Industry leaders on China's film sector development

By Wang Yiming
0 Comment(s)Print E-mail, August 16, 2022
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Heads of nine China's film industry giants, including China Film Group, Shanghai Film Group, and Bona Film Group, mapped out their forward planning for promoting the development of China's film sector at a forum on Aug. 14 during the ongoing 12th Beijing International Film Festival.

A forum on building a country strong in film is held on Aug. 14 during the ongoing 12th Beijing International Film Festival. [Photo by Wang Yiming/]

Fu Ruoqing, chairman of China Film Group, the largest and most influential film enterprise in China, noted that in the post-pandemic era, filmmakers face a crucial question of how to bring audiences back into the cinema. 

According to Fu, due to the pandemic, audiences began to compare the experiences of going to a movie in a traditional way and watching online audiovisual products. And if the viewing experience and film making technologies are not improved, they will no longer see cinema-going as the best way of enjoying a movie. 

Taking the much-anticipated science fiction film "The Wandering Earth 2" as an example, which was reported to be filmed at 48 frames-per-second in most parts, Fu Ruoqing said that he hopes cutting-edge technologies can serve as a shot in the arm for the recovery of China's film sector. 

In June, China Film Group's Cinity Cinema System, which features a blending of 4K, 3D, high brightness, high frame rate, high dynamic range, wide color gamut, and immersive sound, won the Technical Achievement Award at CineEurope 2022.

"It is expected that in the next few years, we will customize one movie each year with a minimum frame rate of 48 frames," Fu said.

"Technologies underpin filmmaking," said Wang Changtian, founder, CEO, and president of the Chinese entertainment and media company, Beijing Enlight Media Co Ltd. Wang stressed the importance of technologies, noting that animated movies are products of high technology.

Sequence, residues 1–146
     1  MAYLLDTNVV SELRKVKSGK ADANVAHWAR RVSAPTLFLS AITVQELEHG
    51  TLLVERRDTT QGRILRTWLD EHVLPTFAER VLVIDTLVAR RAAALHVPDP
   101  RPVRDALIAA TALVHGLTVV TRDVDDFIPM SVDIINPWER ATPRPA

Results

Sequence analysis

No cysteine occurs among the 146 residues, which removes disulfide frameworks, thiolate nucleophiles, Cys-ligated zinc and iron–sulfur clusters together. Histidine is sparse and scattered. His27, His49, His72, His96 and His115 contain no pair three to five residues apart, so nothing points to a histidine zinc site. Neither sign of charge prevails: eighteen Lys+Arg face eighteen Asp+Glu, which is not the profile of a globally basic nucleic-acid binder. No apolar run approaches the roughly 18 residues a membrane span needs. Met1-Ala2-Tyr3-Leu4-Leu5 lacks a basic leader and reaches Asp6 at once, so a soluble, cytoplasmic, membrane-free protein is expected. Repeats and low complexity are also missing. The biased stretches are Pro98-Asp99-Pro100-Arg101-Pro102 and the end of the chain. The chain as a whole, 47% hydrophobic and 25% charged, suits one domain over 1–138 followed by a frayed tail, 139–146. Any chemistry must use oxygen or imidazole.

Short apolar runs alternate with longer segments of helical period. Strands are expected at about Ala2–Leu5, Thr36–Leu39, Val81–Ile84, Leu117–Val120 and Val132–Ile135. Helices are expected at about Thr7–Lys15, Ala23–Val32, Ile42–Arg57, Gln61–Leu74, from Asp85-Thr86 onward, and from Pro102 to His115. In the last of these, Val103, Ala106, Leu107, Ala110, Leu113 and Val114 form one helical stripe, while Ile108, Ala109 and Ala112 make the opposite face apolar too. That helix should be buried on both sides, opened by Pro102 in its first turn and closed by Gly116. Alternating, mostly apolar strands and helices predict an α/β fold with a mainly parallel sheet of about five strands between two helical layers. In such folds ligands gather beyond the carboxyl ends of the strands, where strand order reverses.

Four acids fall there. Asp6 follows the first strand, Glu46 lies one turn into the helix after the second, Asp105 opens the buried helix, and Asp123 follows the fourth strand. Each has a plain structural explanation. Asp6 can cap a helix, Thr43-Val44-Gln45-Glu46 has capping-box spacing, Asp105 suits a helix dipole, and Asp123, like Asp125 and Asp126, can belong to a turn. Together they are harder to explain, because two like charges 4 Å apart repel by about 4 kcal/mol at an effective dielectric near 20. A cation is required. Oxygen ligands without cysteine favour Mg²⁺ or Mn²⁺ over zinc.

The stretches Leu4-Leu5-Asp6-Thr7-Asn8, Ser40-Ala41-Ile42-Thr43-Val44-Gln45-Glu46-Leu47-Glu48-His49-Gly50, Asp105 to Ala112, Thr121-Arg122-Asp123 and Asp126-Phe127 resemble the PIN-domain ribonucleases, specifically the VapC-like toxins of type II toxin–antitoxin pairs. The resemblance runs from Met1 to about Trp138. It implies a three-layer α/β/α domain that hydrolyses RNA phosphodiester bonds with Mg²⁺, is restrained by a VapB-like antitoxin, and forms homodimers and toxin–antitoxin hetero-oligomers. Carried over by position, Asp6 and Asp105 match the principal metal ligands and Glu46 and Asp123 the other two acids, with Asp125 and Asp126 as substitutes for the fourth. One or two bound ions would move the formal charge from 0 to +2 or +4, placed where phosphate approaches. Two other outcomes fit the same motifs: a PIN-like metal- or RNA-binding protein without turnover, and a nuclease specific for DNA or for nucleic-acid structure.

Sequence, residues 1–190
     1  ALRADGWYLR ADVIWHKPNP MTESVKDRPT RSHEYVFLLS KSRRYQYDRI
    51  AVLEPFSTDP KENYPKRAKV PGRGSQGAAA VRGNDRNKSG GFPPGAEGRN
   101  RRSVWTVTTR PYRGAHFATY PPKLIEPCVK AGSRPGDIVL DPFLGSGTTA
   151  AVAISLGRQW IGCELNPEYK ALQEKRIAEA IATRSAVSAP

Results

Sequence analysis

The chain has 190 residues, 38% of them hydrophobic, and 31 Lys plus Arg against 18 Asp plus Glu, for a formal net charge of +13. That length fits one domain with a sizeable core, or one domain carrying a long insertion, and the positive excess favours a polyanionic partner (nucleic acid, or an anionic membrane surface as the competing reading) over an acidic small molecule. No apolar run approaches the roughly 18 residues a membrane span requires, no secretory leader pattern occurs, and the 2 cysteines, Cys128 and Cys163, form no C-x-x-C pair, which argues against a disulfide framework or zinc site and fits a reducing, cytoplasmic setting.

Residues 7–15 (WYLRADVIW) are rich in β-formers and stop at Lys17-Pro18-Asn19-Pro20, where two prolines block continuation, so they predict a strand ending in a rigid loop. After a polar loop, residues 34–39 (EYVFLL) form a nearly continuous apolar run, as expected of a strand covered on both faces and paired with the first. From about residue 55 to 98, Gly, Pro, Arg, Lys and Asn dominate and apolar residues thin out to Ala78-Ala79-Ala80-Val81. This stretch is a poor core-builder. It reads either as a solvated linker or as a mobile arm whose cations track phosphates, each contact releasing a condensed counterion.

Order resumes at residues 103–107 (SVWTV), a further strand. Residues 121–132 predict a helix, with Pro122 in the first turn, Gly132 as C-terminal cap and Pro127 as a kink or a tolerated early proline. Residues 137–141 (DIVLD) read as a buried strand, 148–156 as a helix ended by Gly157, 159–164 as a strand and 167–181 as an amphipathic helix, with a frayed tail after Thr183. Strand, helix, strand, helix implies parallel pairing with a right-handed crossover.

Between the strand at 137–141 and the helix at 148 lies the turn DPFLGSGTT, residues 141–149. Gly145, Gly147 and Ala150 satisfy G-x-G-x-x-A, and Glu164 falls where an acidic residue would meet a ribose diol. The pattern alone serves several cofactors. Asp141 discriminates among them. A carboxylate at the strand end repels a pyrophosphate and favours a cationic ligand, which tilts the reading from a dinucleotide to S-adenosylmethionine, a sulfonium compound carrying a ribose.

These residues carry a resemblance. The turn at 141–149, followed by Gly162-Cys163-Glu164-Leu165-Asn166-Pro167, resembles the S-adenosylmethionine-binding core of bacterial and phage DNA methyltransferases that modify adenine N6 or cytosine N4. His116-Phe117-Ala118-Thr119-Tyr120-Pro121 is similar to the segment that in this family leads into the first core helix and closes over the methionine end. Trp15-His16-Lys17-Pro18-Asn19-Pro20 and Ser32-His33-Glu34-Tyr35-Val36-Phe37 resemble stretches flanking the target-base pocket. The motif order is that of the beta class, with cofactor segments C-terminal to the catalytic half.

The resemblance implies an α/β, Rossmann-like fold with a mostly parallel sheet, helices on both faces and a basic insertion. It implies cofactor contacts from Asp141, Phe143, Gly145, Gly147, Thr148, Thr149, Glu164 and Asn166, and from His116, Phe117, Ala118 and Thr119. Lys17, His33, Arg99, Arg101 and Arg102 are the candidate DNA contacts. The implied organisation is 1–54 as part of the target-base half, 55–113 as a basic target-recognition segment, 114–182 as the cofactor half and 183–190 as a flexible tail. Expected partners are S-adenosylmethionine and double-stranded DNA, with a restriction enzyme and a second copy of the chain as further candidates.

However, Wang also maintained that creativity in content outweighs technology. He vowed to develop a cinematic universe based on China's mythological figures.

The company's 2019 blockbuster "Ne Zha" was China's top-grossing animated film to date, making it a milestone for China's animated film industry.

Wang said that the company had spent several years going through Chinese myths and mythical characters in order to reconstruct Chinese mythology through animated movies, which will consist of 30 to 50 films. 

According to Wang, each of these animated films takes four to five years to make, and it will take decades to finish completing the cinematic universe. He also noted that the company will continue its efforts with deep respect for traditional Chinese culture. 

Wang hoped to make this series of animated films a Chinese Marvel-like cinematic universe.

Yu Dong, founder and chairman of Bona Film Group, believes that there are two signs for a country's film industry to be powerful. One is the absolute dominance of domestic films in the domestic market. "We have already been a film power from this perspective," Yu said, adding that, the other marker is a country's ability to export films with global influence, an area in which China has so far lagged.

"The country should build a Hollywood of China in the next decade," Yu said. "We need to attract talents from all over the world to make Chinese films and tell Chinese stories in multiple ways, to show the world the artistic charm of China and Chinese values." 

"In the next 10 years, we should prioritize the expanding of influence of Chinese films in the international market," Yu added. 

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